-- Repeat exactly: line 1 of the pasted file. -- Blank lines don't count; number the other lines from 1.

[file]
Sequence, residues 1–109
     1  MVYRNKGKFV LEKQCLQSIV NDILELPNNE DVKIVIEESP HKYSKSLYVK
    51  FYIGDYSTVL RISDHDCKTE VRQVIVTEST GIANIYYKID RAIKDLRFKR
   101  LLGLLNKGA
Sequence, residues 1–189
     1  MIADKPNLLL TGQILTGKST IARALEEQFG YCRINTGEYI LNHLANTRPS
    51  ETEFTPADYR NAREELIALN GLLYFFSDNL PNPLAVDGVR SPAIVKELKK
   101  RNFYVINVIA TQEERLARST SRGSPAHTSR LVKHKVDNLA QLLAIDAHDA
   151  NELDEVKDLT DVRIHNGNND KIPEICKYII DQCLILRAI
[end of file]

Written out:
Sequence, residues 1–109